Since I started to work in software development, I have always felt overwhelmed by the recurring challenge of untangling and learning complex code. For me, part of that complexity derived from tight schedules, speed for speed’s sake, feature quantity over code quality, and management pressure to deliver working software no matter the consequences. Under such circumstances, I always find it hard to find enough time for refactoring and other software quality concerns. And I also considered it unfair to blame people who had to write poorly structured code because they had no other choice.
For those interested in economics, there is an axiom that says we’re always in a state of scarcity. Nothing is unlimited in this world. Certain people may experience abundance, but the harsh reality is that all resources are scarce: water, food, electricity, money. They all are served in a limited amount. Wise, and very often richer, are those who know how to use their resources intelligently to produce good results. This scarcity condition cascades to all human activities. Software development is one of them.
Every software project is given a limited number of resources to be carried out. We call successful the software project that knows how to use its resources intelligently. Working software is the most important output of a successful project. Unfortunately, this is not the only success criteria. If we deliver working software that is hard to maintain and expect to change that software in the future, then we’re not using our resources intelligently. So, in my view, a successful software project delivers working and maintainable software.
But how can we create working and maintainable software with scarce resources? I think this question has existed and has remained partially answered since the first line of code was written. I say partially answered because the circumstances of every software project may be so peculiar that it’s hard to find an answer that encompasses all possibilities. Software architecture is one of the efforts to organize ideas supporting the creation of well-structured and maintainable software.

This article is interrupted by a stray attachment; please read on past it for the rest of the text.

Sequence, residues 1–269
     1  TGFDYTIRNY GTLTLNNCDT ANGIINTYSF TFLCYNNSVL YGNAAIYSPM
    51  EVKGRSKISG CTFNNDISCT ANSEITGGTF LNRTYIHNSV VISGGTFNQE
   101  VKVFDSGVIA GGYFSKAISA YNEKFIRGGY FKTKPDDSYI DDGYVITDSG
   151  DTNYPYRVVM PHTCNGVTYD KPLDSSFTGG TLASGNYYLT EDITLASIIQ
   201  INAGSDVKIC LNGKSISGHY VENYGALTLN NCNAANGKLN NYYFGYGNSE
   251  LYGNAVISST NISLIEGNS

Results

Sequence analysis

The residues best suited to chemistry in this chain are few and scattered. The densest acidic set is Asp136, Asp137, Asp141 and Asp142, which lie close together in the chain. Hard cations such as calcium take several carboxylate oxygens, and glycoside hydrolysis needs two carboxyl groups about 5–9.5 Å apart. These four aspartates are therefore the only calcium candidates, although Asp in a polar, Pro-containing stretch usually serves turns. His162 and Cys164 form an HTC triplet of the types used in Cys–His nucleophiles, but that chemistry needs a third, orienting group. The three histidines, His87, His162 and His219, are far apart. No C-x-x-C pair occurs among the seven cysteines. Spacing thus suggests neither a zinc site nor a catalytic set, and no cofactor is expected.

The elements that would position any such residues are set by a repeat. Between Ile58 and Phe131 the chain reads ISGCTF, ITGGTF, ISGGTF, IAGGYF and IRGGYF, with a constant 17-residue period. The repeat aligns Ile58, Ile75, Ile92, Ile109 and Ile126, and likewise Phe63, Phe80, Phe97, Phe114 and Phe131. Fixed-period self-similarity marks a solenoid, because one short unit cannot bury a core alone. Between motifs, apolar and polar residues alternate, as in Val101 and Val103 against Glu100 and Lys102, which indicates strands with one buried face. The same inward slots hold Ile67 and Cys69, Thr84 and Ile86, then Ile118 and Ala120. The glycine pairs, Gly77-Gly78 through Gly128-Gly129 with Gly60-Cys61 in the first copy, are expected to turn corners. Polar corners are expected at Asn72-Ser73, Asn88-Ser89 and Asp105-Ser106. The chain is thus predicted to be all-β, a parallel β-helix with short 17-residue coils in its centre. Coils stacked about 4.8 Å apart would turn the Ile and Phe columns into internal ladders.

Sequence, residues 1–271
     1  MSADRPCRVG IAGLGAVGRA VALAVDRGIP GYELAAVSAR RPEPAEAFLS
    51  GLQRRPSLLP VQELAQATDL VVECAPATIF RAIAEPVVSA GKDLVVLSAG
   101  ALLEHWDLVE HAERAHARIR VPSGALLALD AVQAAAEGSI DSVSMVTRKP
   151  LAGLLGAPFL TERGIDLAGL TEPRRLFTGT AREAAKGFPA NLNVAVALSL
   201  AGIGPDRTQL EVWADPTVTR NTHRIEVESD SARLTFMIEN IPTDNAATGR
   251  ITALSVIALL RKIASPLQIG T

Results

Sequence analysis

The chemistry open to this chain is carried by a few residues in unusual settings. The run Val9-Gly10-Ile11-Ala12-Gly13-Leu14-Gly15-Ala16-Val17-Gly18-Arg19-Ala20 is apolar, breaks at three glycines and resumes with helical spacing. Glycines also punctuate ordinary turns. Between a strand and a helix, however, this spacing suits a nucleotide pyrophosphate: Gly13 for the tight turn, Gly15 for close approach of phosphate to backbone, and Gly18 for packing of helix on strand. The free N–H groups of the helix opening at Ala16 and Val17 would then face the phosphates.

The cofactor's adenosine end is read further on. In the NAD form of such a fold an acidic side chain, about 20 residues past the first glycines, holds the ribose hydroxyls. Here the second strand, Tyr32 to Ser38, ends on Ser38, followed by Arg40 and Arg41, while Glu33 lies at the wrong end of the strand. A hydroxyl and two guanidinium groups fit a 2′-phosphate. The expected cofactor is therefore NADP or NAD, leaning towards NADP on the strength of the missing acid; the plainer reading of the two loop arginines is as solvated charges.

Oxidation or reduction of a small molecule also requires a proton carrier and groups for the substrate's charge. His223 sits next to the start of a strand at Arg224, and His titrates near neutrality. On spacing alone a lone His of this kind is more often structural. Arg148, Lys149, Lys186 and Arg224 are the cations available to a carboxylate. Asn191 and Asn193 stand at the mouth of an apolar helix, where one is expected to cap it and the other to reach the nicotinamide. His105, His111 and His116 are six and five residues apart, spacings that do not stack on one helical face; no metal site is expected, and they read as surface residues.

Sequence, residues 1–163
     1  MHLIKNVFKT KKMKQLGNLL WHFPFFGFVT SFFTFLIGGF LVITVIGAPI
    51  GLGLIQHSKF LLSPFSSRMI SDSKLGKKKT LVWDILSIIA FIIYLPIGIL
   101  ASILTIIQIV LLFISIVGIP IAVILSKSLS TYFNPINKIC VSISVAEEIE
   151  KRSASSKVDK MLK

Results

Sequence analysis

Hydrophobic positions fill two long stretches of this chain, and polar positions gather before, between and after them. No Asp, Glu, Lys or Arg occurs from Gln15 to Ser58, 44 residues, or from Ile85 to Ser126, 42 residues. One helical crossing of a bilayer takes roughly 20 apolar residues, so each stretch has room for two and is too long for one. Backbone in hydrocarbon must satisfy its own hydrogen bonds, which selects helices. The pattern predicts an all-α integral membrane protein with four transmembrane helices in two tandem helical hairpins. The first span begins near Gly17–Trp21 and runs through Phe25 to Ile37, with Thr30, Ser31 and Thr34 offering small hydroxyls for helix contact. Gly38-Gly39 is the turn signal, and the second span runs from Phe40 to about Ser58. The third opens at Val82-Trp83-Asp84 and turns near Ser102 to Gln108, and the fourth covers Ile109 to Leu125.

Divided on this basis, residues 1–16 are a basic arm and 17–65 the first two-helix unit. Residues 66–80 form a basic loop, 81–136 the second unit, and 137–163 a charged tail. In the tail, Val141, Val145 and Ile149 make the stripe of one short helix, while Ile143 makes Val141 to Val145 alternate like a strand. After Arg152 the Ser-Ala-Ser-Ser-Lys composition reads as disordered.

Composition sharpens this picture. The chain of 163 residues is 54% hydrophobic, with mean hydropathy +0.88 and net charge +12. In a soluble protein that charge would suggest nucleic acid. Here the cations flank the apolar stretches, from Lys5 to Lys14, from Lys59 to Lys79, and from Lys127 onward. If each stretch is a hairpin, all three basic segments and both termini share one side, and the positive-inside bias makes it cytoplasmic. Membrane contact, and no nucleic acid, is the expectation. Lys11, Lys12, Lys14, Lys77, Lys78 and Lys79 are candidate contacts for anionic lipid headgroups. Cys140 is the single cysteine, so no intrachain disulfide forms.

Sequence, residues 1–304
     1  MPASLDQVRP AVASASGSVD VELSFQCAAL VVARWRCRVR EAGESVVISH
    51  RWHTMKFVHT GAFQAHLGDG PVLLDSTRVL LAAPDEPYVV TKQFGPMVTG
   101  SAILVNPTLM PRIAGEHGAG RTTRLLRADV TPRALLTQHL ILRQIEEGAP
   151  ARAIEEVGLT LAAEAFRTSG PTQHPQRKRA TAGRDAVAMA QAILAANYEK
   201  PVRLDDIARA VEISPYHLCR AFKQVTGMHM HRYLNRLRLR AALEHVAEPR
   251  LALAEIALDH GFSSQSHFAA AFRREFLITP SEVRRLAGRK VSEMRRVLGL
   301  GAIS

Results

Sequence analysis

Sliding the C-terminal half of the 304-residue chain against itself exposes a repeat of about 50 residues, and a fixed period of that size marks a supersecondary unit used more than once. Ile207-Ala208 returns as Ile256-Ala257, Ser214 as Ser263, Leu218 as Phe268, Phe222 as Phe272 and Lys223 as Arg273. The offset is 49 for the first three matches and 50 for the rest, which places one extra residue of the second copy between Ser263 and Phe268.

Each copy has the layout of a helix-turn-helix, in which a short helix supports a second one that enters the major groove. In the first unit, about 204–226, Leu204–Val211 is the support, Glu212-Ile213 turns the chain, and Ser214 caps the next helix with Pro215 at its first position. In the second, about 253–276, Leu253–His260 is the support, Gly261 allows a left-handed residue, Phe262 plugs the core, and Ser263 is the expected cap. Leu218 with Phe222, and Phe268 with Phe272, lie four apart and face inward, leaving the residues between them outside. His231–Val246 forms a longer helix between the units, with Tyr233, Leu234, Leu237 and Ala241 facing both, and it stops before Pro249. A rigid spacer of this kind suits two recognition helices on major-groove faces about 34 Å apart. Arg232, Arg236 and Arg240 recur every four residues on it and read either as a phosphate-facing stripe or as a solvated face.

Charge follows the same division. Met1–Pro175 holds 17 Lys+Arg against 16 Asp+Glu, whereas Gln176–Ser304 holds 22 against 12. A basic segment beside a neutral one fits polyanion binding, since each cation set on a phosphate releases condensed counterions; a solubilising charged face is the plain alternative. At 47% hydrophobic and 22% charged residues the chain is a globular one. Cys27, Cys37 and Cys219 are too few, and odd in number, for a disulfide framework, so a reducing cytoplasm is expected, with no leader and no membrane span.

One notable software architecture effort came from a guy called Alistair Cockburn. He was aware that a software system might contain code that exists only to solve business problems. On the other hand, he noted that there is also code that exists only to allow the software system to integrate with external systems and technologies. He then conceived an approach to organize the code and avoid the problems that arise when we mix code that solves business problems with code that integrates technologies. He gave that approach the name hexagonal architecture.
It’s the goal of this book to explore and extend hexagonal architecture ideas. More than that, we aim to frame hexagonal architecture in the context of a recent trend in the technology industry: cloud-native development. We live in the cloud era. It’s hard to talk about any software development topic and ignore how it relates to the cloud’s contemporary software practices. To help us in such an undertaking, we chose Quarkus as the cloud-native framework to guide us in this fascinating cloud-native development world.